I’ve recently seen a couple of well respected folks saying something along the following lines on Twitter
“If you’re working on something that’s not the bottleneck, you’re working on the wrong thing.” That gets my hackles up, because while it contains a grain of truth, it’s an over simplification.
Let’s look at a really basic system for manufacturing widgets:
For the purposes of the discussion let’s assume that orders have been subordinated to the bottleneck, so the whole system has a throughput equal to that of the bottleneck component. In this case that’s the “join” step, which runs at 100 units per day.
Typically we focus on improving throughout in our systems, but other improvements can indeed be valuable.
The cost of manufacturing each widget is £100. £75 of that it’s the cost of “Gilding” the widget at an external subcontractor once it’s assembled. One day one of the team observe that maybe gilding the widgets is overkill, and they could be painted instead. After investigations, the subcontractor agrees, and begins painting widgets for a cost of £25 each. Throughput is unaffected, but the cost per item has halved. That’s got to be a good thing! Remember that “the goal” is to make money. This factory is now making £50 extra profit per widget, which is an extra £5,000 per day in pure profit. Possibly the higher margin allows us to invest in later expanding the bottleneck.
Later, the team observe that they’re now paying a specialist subcontractor to do a simple paint job. Also, the time taken to send widgets out and back is adding significantly to the lead time of the system. The company agrees to recruit some painters and bring the work in house. The duration of the paint step falls to 1 day, and the cost remains at £25 per widget. Throughput is unaffected, as is operating cost, but lead time it’s reduced by 40%. Again, that’s got to be a good thing! Orders are shipping 2 days earlier, and we’ve reduced inventory by 40%.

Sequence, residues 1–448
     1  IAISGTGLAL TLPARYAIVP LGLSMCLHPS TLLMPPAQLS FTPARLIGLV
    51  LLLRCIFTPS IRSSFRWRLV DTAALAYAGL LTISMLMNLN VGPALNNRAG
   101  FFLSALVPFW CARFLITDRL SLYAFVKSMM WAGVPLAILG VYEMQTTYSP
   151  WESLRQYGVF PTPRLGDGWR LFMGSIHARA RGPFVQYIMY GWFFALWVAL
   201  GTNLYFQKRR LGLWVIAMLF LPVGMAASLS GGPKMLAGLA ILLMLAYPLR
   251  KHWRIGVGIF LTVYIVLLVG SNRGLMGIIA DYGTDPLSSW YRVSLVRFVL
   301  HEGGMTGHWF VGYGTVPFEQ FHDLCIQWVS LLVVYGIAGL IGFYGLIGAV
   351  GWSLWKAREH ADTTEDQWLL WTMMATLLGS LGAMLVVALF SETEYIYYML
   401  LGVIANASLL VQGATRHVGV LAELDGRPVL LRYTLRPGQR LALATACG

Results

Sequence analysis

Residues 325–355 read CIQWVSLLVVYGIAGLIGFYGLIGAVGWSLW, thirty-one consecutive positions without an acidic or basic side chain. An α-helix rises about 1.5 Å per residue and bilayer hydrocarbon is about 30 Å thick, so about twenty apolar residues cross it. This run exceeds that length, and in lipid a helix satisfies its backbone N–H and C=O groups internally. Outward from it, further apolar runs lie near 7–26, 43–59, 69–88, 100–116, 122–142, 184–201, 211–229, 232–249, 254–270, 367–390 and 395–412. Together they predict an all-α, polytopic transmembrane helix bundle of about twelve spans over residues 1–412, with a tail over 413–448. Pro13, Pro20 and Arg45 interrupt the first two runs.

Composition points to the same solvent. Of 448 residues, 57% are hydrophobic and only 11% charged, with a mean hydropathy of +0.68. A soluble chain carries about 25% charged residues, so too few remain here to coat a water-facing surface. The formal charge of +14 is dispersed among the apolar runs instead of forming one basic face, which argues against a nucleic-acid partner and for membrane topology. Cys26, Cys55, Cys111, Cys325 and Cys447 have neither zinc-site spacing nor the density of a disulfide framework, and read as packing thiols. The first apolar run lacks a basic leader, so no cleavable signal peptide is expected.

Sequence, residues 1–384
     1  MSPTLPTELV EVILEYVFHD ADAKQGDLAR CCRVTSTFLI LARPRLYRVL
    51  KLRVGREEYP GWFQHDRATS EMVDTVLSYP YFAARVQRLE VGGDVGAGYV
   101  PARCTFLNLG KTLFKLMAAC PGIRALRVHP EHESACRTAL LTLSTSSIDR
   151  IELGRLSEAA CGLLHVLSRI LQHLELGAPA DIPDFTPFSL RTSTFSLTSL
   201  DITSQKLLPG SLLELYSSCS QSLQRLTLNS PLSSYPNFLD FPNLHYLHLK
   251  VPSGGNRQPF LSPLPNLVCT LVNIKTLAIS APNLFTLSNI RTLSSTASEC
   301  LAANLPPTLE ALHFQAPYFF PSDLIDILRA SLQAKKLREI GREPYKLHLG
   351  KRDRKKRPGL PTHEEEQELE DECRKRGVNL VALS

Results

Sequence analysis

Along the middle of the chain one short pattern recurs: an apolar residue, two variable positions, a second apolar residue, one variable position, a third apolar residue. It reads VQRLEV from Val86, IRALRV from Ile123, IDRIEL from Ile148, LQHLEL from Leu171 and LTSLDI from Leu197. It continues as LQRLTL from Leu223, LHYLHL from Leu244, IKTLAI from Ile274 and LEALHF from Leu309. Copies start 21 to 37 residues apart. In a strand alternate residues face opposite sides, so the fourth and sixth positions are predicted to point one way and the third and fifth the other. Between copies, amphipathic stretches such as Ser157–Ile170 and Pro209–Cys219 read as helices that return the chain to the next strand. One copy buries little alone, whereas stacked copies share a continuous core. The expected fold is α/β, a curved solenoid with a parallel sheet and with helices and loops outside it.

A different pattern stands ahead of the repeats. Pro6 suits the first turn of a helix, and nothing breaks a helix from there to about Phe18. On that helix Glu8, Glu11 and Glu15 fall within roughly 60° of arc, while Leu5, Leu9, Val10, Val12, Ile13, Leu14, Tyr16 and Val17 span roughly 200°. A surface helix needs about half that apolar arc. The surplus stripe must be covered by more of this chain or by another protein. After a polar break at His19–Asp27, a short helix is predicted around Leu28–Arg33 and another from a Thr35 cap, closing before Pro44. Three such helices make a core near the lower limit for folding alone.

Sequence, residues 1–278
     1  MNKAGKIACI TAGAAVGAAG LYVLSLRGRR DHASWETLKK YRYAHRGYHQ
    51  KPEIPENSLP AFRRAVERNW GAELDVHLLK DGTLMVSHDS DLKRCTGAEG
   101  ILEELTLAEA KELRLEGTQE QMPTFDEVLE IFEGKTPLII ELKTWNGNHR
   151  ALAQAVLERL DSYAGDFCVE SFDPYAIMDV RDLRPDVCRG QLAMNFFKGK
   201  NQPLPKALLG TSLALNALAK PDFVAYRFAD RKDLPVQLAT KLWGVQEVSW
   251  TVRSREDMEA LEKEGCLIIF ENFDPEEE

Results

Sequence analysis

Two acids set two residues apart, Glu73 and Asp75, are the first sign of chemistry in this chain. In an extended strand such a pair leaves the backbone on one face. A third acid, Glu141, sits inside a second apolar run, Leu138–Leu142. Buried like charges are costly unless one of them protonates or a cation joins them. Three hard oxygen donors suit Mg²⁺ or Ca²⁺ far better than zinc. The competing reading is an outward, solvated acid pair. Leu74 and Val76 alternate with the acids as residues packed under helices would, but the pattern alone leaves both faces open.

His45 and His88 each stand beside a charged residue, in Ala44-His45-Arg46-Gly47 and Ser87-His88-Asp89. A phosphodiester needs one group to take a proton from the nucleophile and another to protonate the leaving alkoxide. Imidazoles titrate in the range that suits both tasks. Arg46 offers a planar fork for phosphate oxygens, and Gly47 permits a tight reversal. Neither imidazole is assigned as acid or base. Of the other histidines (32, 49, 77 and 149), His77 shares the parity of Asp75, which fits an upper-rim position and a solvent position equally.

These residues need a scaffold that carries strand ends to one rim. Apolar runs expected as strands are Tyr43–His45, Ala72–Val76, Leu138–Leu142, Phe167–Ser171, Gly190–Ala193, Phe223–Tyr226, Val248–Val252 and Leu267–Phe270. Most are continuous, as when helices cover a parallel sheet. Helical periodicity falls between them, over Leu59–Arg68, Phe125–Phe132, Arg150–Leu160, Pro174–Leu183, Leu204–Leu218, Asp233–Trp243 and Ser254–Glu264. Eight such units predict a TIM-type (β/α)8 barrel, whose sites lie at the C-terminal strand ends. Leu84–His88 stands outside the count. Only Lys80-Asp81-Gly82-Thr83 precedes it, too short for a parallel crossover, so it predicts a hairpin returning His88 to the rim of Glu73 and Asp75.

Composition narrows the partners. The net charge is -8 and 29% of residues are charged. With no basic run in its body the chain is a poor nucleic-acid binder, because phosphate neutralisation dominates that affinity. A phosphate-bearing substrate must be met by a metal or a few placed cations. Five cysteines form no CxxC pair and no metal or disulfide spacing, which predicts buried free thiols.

These improvements illustrate that working outwith the bottleneck can be very beneficial. Increasing throughput through exploiting and subordinating to the bottleneck, and eventually elevating it is extremely powerful, but don’t discount the value of other improvements.
In software development terms:
- is your release process expensive to operate, even if it doesn’t constrain throughput?
- is your test phase slow, therefore increasing inventory, and lead time?